After a period of time, as the reaction progresses and the catalyst degrades, the process is no longer capable of maintaining the target %CO conversion under the initial reaction conditions and the reactor is switched to a second operative mode. In the second operative mode, the reactor feed rate is gradually decreased in order to maintain the target %CO conversion while the reactor temperature is held at the initial reaction temperature. This maintains liquid hydrocarbon selectivity at the initially high levels, unlike prior art processes operating in a TIR mode that switch to a higher temperature at this point to overcome the effects of catalyst deactivation. In this second operative mode, the decreasing syngas feed rate approaches a preset minimum value (preferably no less than about 7.0 cm/sec) and the catalyst continues to deactivate. Again, as the reaction progresses, after a period of time, the process is no longer capable of maintaining the target %CO conversion and the second operating mode ceases to be economically attractive.
At this point, the reactor may be switched to a third operating mode. In the third operating mode, the reactor temperature is increased to maintain the target % CO conversion up to a predetermined maximum final temperature wherein the final temperature is the temperature at which methane selectivity reaches a predetermined cutoff level. In preferred embodiments, the maximum final temperature is about 232° C., more preferably about 227° C., most preferably about 221° C. The reactor is operated in the third mode until productivity falls to a predetermined cut-off level.
At any time during the process, catalyst and liquid hydrocarbon product may be removed from the reactor and the catalyst separated from the liquid hydrocarbon, leaving dry, deactivated catalyst. This deactivated catalyst may then be treated by methods known in the art to restore it to a fresh state where the catalyst activity is similar to its initial activity. Catalyst thus restored may be re-introduced into the process as active catalyst.
In an another embodiment, if maximum catalyst loading has not been reached at the outset, additional active catalyst may be introduced to the operating reactor to offset catalyst deactivation prior to decreasing the reactor feed rate to prolong maintenance of the target %CO conversion at the initial reaction conditions. Here again the selectivity to higher molecular weight products remains at initial high levels.
The following non-limiting Examples further illustrate the invention.
Example 1 illustrates process conditions and product yields during operation of a bubble column reactor in which temperature was increased during the run in accordance with a typical TIR protocol. The bubble column reactor was a six-inch nominal diameter bubble column. The hydrocarbon synthesis reaction in the Fischer Tropsch reactor was conducted at about 290 psia outlet pressure. Synthesis feed gas comprising a mixture of hydrogen and carbon monoxide was introduced into the reactor at a linear velocity of about 17 cm/sec. The H2:CO molar ratio was 2.09. During the 90 day run, the CO conversion (amount of CO converted to hydrocarbon products) was maintained at about 40-50% by increasing reactor temperature from 211° C. to 221° C. Methane selectivity (amount of methane produced per amount of CO converted) increased from about 5% at the beginning of the period to over 8.5% by the end of 90 days of operation. Correspondingly, the heavy hydrocarbon liquid yield of 371° C.+ boiling fraction decreased substantially, falling from 41.4% (weight of 371° C.+ boiling fraction/amount of CO converted) to 26.9% as shown in Table 1.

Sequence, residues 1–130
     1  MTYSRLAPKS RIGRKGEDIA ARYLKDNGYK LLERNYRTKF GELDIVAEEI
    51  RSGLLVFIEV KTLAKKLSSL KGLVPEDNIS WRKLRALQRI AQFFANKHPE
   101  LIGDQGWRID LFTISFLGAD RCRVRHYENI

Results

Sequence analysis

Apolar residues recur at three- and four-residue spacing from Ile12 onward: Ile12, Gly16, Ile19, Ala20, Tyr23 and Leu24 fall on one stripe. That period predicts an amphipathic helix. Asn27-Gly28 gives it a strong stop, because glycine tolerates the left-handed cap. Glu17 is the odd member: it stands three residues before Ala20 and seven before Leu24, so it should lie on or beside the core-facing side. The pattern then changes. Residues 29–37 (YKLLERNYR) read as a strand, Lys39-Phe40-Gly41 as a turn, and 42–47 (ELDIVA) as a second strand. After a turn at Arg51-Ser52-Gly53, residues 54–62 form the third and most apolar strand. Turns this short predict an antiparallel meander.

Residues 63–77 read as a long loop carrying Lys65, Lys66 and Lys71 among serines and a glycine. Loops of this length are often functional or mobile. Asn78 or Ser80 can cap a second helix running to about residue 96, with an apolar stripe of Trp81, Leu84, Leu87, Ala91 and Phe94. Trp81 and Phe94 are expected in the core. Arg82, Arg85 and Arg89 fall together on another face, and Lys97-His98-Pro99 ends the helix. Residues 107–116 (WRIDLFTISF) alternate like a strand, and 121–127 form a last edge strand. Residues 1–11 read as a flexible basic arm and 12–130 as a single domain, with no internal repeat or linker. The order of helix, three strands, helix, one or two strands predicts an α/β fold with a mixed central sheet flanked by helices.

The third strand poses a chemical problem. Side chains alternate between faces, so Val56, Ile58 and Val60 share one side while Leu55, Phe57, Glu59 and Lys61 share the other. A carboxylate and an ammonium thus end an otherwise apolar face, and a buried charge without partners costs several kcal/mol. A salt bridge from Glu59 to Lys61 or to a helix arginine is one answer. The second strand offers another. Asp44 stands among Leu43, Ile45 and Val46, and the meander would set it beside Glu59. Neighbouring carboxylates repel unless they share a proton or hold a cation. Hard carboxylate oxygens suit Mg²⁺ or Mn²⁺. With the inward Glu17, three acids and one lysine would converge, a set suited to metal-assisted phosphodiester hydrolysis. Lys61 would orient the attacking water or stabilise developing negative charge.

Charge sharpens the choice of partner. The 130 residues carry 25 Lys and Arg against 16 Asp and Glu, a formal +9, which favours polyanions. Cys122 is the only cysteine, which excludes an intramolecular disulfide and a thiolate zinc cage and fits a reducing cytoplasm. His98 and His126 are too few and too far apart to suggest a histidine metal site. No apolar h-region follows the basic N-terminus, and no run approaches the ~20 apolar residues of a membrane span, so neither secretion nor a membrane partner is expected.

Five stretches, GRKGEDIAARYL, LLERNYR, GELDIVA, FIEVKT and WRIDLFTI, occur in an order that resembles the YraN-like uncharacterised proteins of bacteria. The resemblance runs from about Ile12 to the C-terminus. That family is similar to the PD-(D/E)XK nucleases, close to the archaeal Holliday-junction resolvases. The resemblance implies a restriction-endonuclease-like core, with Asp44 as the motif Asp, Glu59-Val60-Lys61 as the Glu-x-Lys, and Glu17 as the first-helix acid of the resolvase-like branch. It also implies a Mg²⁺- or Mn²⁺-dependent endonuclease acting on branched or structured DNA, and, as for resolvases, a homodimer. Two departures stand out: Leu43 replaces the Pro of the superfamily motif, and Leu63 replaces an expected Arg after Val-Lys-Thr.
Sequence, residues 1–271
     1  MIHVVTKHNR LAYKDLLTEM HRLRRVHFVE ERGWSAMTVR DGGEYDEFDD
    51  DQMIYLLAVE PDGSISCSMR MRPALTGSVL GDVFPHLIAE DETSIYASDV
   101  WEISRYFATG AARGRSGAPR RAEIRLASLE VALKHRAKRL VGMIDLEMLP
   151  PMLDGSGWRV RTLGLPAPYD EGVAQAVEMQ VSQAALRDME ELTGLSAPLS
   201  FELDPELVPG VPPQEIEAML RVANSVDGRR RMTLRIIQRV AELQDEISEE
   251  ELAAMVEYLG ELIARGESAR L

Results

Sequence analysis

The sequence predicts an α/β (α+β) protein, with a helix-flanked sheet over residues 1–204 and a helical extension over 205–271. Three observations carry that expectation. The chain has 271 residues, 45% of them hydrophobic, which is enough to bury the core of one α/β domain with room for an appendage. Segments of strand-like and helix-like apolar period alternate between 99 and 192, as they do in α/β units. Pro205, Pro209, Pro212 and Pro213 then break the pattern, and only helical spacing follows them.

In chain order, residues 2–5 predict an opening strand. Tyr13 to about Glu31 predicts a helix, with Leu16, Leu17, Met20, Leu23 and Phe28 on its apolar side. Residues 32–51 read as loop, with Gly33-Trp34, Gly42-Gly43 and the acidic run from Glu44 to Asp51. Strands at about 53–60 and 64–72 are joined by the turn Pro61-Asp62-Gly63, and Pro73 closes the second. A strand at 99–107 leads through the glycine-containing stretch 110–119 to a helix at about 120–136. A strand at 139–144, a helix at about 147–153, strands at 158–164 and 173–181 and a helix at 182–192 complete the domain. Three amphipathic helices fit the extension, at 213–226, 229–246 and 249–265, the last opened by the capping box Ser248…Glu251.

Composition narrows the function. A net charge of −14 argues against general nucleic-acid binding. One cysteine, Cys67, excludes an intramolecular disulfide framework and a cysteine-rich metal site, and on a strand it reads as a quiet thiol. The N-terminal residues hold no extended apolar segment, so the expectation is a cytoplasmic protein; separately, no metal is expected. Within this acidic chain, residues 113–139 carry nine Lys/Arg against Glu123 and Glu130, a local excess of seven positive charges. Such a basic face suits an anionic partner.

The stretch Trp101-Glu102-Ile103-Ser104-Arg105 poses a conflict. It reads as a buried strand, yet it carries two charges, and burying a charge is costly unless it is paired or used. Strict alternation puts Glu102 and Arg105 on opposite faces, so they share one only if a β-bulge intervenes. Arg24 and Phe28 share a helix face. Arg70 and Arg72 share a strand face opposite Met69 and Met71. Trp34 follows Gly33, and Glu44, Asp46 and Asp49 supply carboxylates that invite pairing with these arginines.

Example 2 illustrates process conditions and product yields during operation of bubble column reactor in accordance with the present invention in which the reactor temperature was held relatively constant at about 210° C. and the linear velocity syngas feed gas rate was varied. The bubble column reactor was the same reactor as described in Example 1. The reaction was conducted at about 425 psia outlet pressure. Feed gas comprising a mixture of carbon monoxide and hydrogen was introduced into the reactor at a linear velocity of 17.5 cm/sec. The H2:CO ratio was 2.13. During the 150 day run, the CO conversion was maintained between 70 and 85% by decreasing feed inlet velocity from 17.5 cm/sec. to 8.3 cm/sec. Methane selectivity remained relatively constant at an average value of about 4.5% over the 150 day period. Correspondingly, the heavy hydrocarbon liquid yield of 371° C.+ boiling fraction remained relatively constant as well averaging about 45.9% as shown in Table 2.
The results show that the 371° C.+ selectivity was significantly increased by operating the reactor according to the present invention process. While operating in a conventional TIR Mode, as the overall 371° C.+ product yield fell over the 90 day run from 41.4% to 26.9%, the proportion of total C5+ product represented by the 371° C.+ fraction also fell from 46.5% to 32.0%. While operating according to the present invention process, overall 371° C.+ product yield ranged from 45.2% to 50.2% over the first 90 days of the 150 day run representing a vast improvement over the TIR method. The yield then gradually fell to a final level of 41.9% at the end of the run which was comparable to the highest initial levels achieved in the TIR mode. Moreover, under the present invention process conditions, the 371° C.+ fraction ranged from 49.5% to 55.4% of the total C5+ product throughout the 150 day run.